Bodacious Woven Bead Jewelry

Honing your brick stitching skills Making your own beads using the peyote stitch Weaving dazzling beaded jewelry designs 5o, you've got the basic techniques down when it comes to a few bead-weaving stitches, but what's next How do you bring it all together to make some bodacious beaded jewelry that you'll love to wear or give as gifts This chapter has a few answers for you here, you find some fairly simple projects that help you get in more weaving practice while you make some jewelry...

Piecing the peyote sections together

To start connecting the three peyote sections together, you first need to secure a thread to one of the peyote pieces. Insert your needle and thread any place you like into one peyote section and weave it through the beads to one end. Make at least one knot as you weave to secure the thread to the peyote section, pulling on the thread so the knot is hidden in the beads. Make sure to weave so that eventually the needle comes out of one end of the bead section. (See Chapter 2 for more explanation...

New Twist Wire Jig Wrapping

Using a wire jig to make unique wire jewelry components Wrapping consistent sized loops with the aid of a wire jig Assembling fabricated wire elements and beads wire jig is a really cool piece of equipment used for wire jewelry making. Basically, a W jig consists of a flat base (often made out of thick clear acrylic, wood, or metal) and lots of pegs that fit into the base. On the average commercial jig these days, you can remove the pegs, which allows you to move them around in an infinite...

Brick Stitch Triangle Earrings

To weave brick stitch, you first need to use the ladder stitch, so this earring project shown in Figure 6-23 is sort of a two-for-one deal when it comes to practicing bead weaving stitches. Brick stitch naturally evolves into a triangular-shaped section of beads, unless you add or subtract beads during the process. For this design, we kept the natural triangle shape and accented the bottom with tiny fringe beads small, side-drilled, teardrop-shaped glass beads that often are added to the bottom...

Creating jewelry brick stitch by brick stitch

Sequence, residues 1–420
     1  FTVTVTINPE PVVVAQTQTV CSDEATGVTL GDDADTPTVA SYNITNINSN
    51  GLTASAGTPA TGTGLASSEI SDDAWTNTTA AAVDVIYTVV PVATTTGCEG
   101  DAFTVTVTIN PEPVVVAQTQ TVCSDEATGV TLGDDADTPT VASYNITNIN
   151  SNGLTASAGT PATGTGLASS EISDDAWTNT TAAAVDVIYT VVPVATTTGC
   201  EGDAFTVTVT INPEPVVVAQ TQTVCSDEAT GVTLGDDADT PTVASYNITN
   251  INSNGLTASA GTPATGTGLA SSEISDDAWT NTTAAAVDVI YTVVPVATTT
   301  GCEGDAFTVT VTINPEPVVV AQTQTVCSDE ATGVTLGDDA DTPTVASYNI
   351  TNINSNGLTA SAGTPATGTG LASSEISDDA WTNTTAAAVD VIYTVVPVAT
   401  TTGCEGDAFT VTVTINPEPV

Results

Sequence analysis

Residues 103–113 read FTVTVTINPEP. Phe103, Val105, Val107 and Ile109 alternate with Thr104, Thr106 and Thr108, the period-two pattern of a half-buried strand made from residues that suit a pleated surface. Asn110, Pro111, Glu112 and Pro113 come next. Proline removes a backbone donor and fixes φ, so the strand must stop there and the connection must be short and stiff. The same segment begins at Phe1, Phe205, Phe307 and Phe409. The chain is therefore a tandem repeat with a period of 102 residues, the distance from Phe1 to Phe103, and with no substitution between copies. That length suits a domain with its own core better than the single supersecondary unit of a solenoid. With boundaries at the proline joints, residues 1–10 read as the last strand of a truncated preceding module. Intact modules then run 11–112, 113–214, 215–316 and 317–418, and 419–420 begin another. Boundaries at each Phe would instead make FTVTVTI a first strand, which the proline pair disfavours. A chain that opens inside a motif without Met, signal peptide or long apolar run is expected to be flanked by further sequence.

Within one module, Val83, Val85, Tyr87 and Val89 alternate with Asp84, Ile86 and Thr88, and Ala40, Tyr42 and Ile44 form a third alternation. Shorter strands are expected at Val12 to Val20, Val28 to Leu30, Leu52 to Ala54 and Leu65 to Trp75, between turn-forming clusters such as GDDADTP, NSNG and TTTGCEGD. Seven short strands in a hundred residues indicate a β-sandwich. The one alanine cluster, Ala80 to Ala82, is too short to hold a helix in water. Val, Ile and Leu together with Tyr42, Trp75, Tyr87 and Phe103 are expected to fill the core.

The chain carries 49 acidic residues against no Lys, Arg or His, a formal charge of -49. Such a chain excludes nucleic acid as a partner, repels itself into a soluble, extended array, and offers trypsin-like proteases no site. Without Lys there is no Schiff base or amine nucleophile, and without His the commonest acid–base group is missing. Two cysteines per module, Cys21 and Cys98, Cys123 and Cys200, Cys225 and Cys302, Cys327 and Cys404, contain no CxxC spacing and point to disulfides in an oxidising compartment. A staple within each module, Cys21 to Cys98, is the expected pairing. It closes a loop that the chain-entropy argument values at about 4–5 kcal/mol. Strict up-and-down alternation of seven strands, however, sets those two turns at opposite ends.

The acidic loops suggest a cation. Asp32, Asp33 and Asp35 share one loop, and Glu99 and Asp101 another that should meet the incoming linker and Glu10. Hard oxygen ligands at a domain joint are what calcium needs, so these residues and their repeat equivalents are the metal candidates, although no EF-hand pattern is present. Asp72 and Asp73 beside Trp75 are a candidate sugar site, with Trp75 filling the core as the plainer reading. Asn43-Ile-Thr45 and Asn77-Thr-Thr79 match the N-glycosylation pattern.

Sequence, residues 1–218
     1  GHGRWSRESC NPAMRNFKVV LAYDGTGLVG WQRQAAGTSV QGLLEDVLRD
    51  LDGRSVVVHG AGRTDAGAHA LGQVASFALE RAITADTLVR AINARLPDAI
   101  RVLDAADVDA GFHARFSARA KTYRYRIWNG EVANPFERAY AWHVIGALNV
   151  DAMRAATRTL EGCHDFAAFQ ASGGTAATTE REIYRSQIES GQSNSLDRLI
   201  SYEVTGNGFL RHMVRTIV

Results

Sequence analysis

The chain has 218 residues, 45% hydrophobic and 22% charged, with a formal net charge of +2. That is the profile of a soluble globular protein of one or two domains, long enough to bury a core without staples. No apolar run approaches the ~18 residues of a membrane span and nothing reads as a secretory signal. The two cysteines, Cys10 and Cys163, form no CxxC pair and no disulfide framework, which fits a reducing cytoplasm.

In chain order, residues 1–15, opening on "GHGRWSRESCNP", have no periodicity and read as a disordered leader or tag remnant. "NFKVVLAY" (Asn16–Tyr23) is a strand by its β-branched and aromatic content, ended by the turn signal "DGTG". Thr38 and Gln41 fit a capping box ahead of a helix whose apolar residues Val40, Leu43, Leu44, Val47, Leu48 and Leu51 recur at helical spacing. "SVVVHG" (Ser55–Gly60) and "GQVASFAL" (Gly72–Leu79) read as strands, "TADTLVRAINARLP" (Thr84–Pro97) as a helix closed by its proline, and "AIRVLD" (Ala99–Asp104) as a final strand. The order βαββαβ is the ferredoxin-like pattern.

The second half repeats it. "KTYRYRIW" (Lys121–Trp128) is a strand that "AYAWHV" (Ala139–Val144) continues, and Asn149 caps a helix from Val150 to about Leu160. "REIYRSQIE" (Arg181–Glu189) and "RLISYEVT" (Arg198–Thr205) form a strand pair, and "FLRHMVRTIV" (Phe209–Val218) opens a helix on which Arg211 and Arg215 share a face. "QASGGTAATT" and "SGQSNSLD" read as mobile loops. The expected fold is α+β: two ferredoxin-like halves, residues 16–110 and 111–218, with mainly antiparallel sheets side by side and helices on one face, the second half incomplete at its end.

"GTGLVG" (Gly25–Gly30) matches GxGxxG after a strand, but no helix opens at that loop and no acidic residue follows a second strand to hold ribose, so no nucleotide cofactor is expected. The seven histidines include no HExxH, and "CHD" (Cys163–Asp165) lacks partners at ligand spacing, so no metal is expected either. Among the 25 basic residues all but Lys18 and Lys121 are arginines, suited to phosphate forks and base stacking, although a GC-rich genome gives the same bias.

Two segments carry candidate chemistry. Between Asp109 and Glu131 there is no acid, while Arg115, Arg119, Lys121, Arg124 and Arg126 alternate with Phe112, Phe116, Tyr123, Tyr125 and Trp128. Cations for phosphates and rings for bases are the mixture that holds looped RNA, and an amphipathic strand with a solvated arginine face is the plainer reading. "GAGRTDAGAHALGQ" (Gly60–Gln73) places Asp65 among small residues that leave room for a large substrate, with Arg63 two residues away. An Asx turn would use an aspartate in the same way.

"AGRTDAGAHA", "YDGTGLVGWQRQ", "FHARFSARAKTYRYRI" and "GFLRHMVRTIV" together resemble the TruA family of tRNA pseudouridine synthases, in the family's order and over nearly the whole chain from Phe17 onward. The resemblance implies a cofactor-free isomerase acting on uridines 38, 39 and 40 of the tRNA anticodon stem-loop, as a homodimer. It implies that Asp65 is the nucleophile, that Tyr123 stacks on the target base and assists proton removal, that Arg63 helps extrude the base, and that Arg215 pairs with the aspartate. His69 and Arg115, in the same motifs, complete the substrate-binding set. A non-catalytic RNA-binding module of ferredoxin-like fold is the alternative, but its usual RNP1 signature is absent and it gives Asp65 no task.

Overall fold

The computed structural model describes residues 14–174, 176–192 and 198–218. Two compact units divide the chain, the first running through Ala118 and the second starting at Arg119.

Brick stitch is also referred to by some as Comanche stitch because of its link to Native Americans who were some of the first bead weavers in North America. This stitch naturally becomes narrower and narrower until it ends with one bead on the end of the piece as shown in the brick stitch triangle earrings in Chapter 6 . Although you can add and subtract beads to alter the shape of the stitched piece, these instructions just cover the basic stitch. To weave the brick stitch, follow these...

Picking out pliers

We use three different types of pliers daily in jewelry making round-nose pliers, chain-nose pliers, and crimping pliers, shown in Figure 1-1a, b, and c respectively. We consider these to be must-have tools. If you buy only three sets of pliers, these are the ones to invest in. If you buy only three sets of pliers, these are the ones to invest in. i Round-nose pliers, shown in Figure 1-1a, are great for making eye loops and wrapped loops. i Chain-nose pliers, pictured in Figure 1-1b, are...

Heather H Oismore Tammy Powley

Coauthors, Jewelry Making amp Beading For Dummies by Heather H. Dismore and Tammy Powley by Heather H. Dismore and Tammy Powley Jewelry amp Beading Designs For Dummies 111 River St. Hoboken, NJ 07030-5774 Copyright 2008 by Wiley Publishing, Inc., Indianapolis, Indiana Published simultaneously in Canada No part of this publication may be reproduced, stored in a retrieval system, or transmitted in any form or by any means, electronic, mechanical, photocopying, recording, scanning, or otherwise,...